Another highly regarded local tourist stop in San Diego—the internationally famous Zoo-- had a really slow start.
In the late 1960s, new tourist attractions were popping up all over Southern California. Among them: Sea World, Lion Country Safari, and Universal Studios. This, coupled with stepped up marketing by established players Disneyland, Marineland, and Knotts Berry Farm, turned competition for entertainment dollars into a dog fight. Add to this inflation and soaring operating expenses, and the San Diego Zoo found itself at a competitive disadvantage. Unlike most municipal zoos which are taxpayer supported, the San Diego Zoo is a nonprofit organization with less than four percent of its annual budget coming from public funds. The zoo had a limited advertising budget and had recently lost a “million dollars” worth of free annual exposure with the demise of the internationally-syndicated television show “Zoorama.” Aggressive promotion was needed.
The public relations office planned and executed a number of modestly successful in-park promotions, from an Easter-egg hunt and hat parade to radio contests, special shows, and establishment of a speakers’ bureau. Zoo PR Manager Bill Seaton proposed training an attractive young lady to act as a “Goodwill Ambassador.” The director and board of trustees approved a small budget for the effort. The first ambassador selected in 1969, from some 200 applicants, was a pretty model who didn’t fulfill the role well. It was decided to find a more animal-oriented person. In 1970, Joan Embery, an SDSU student working part-time in the Kiddie Zoo, was selected. After minimal training, Embery began giving talks and making appearances on local television stations, at hospitals, grand openings, parades, and San Diego bicentennial events. In her spare time, Embery trained a young elephant named Carol to paint on poster board.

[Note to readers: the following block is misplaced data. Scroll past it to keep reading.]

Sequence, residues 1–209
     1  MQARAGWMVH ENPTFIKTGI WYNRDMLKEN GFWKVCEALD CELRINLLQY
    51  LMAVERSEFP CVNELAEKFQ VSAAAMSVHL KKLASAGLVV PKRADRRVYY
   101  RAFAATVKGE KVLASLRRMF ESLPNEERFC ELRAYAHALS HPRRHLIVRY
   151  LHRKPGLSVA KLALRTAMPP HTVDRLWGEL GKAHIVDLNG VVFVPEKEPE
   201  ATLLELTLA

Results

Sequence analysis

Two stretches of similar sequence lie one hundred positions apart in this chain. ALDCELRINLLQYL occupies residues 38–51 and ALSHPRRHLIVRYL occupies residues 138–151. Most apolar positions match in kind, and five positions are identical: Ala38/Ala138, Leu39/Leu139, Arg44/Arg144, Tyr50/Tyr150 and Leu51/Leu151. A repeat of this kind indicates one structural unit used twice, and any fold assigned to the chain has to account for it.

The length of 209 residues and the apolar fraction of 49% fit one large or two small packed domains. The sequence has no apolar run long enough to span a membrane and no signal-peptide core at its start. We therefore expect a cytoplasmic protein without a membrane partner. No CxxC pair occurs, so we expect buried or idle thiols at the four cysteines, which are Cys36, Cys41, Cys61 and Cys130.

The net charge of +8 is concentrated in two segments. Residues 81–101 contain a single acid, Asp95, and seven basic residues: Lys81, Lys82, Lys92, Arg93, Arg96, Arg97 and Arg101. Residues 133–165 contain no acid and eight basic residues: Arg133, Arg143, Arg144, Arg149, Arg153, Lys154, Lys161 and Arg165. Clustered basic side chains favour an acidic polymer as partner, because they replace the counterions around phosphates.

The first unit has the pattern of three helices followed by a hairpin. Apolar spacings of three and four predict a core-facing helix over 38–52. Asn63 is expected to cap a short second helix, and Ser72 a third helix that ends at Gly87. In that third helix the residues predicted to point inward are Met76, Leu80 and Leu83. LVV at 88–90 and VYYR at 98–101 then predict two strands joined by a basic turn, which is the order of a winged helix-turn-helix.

Embery and her “artist” began to receive more requests for appearances than could be handled and soon became the “star” of the San Diego Zoo.
The zoo board pressed for national TV coverage. Initial inquiries to “The Tonight Show” were unsuccessful with reports that Johnny Carson “was not comfortable having animals on his show.” Rival talk-show host Steve Allen was the first to book Embery and her artistic elephant on network television. Other media appearances in California, Nevada and Arizona followed.
Zoo PR urged its L.A. representative to continue contacting “The Tonight Show” and the third time was the charm. On Nov. 4, l971, Joan Embery, Carol the elephant, the several other zoo animals (including a two-headed snake that crawled inside Johnny Carson’s sleeve) appeared on NBC. Some 12 million viewers tuned in and Embery was on her way to stardom. As a result, millions of dollars in free advertising were generated for the San Diego Zoo and tourists flocked in. Annual attendance soon topped three million and remained there in spite of competition from increasingly popular Sea World.
As Embery’s fame spread, she appeared on other network shows with zoo animals and did hundreds of television, radio, newspaper, and magazine interviews over the years. She began doing shows with Carol in the zoo amphitheater as a special attraction on big holiday weekends. The elephant’s paintings were even sold in a special auction to raise money for new animal acquisition.
Joan Embery remained the San Diego Zoo’s Goodwill Ambassador for more than three decades and appeared over 100 times on “The Tonight Show.” She subsequently traveled to Africa, England, Australia, and other parts of the world, representing the San Diego Zoo and spreading wildlife conservation messages.